With multichannel music, the variety of 5.1 mixes out there already is very impressive. As with the early days of stereo, you get some good and some bad mixes. But, the best multichannel mixes can create a very broad depth perception with the instruments, and it can also solidify the side imaging in a way that I've never heard from a two-channel setup before. It also keeps the music from sounding overly congested by spacing out the instrumental sounds and using a discrete center channel rather than having to deliberately mix and EQ a phantom center effect. You can only hear the true benefit of 5.1 by going with timbre matched surrounds.

  12. #12
    M.P.S.E /AES/SMPTE member Sir Terrence the Terrible's Avatar
    Join Date
    Jul 2002
    Posts
    6,826
    Quote Originally Posted by kexodusc
    Sorry Sir T, I rarely know enough to even begin to disagree with you but I'm jumping into the shark infested waters on this one. I have measured with my own spectrum analyzer (and ears) the effects that placing surround speakers close to a wall can and does have in the midrange between 1000 and 4000 Hz...
    That Kex would not be the norm amoung surround speakers. Most surround speakers are already designed with a boundary compensation in mind. Most speaker designers know that their surrounds will be placed in close proximity of the walls. I do not think any smart speaker designer would design their surrounds for free air mounting, or the woofer would have to be VERY substantial to deal with the inherent roll off of free air mounting at low frequencies. If you measure the boundary compensation in the THX ultra2 processing, you will find that it really only effects the frequencies between 200-500hz. The wavelengths at high frequencies are too short to support much audible enhancement at the ears. Also, speakers are very much more directional at 2-4khz, so the walls behind the tweeter have much less influence on the tweeter sound than on the woofers.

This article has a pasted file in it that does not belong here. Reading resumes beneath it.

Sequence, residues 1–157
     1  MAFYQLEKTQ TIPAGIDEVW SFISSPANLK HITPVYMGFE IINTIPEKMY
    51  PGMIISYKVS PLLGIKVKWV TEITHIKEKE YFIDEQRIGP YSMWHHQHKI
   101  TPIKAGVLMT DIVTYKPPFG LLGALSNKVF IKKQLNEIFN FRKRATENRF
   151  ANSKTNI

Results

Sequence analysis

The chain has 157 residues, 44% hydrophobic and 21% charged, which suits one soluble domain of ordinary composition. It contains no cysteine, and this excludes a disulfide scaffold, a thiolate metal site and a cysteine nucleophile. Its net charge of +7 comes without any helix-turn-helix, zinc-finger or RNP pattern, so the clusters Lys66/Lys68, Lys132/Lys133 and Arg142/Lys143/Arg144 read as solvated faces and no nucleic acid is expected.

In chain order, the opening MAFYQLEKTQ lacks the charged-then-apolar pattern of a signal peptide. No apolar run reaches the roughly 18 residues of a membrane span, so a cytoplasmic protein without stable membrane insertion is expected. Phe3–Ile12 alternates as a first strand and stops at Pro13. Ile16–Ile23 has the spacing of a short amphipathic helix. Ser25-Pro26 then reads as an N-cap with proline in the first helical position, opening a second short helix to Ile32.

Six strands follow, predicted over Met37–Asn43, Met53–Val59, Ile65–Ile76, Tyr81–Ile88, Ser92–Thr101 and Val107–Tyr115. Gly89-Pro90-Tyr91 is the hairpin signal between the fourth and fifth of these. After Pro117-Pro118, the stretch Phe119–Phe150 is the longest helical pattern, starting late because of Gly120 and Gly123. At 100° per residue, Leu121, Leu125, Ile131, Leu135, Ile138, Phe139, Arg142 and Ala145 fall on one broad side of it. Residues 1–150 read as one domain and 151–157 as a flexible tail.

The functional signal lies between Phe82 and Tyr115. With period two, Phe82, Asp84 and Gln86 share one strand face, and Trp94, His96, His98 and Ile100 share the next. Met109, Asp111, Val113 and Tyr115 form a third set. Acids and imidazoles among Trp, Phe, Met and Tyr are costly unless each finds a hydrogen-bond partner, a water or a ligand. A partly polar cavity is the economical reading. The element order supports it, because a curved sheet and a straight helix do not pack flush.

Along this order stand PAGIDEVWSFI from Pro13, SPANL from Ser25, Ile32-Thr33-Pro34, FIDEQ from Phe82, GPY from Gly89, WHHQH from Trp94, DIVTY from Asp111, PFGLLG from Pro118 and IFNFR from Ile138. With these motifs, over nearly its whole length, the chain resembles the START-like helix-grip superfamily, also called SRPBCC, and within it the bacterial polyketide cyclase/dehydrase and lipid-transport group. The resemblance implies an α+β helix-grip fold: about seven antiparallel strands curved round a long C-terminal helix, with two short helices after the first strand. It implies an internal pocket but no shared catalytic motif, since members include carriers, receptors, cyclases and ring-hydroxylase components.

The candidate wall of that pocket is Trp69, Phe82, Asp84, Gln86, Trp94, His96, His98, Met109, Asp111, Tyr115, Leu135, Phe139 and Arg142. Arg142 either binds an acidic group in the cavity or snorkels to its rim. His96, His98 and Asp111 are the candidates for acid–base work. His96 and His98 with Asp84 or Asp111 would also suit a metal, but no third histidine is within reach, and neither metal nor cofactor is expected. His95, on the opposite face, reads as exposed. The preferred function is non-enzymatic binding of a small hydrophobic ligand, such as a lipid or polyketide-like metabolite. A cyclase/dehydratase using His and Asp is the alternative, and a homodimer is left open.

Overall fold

Generally, a speaker's crossover incorporates baffle step compensation to account for the transition from 4 pi to 2 pi, if placed a foot or two away from a wall (ie: with wall mounting brackets etc) you are causing a lot of reflection of the walls and creating a quasi-4 pi effect which often can lead to a +3 or +4 dB increase in frequencies.
    Actually if you understand the dispersion characteristics of high frequencies, you will notice that any speaker who's tweeter interacts with the walls(dipoles and bipoles) usually have a reduction in high frequencies due to the longer path the sound must take to reach the ears. There is also the effect the air has on high frequencies that must be taken into consideration. You will find baffle step compensation on front speakers, not rear speakers.

    This usually a sharp transition too, not gradual. Alot of dipoles/bipoles actually remove the BSC circuitry from the crossovers because of this.
    This is so because of the reduced sensitivity to high frequencies in areas behind the pinna(the flaps of our ears)

    Not to mention the materials of your room and how that can affect the higher frequencies.
    While I agree the largest variance will occur in the bass regions, it is definitely not limited there.
    Most rooms seriously lack asorption and diffusion. Most room reflections at high frequencies are so closely spaced and low in amplitude, that we cannot clearly make them out from the speakers direct output.

    It is widely understood in acoustical science that boundary effects of walls and ceiling diminish with the increase in frequency. This is because speakers become more directional with the increase in frequencies, and why most boundary reflections are audible at low frequencies where speakers become less directional.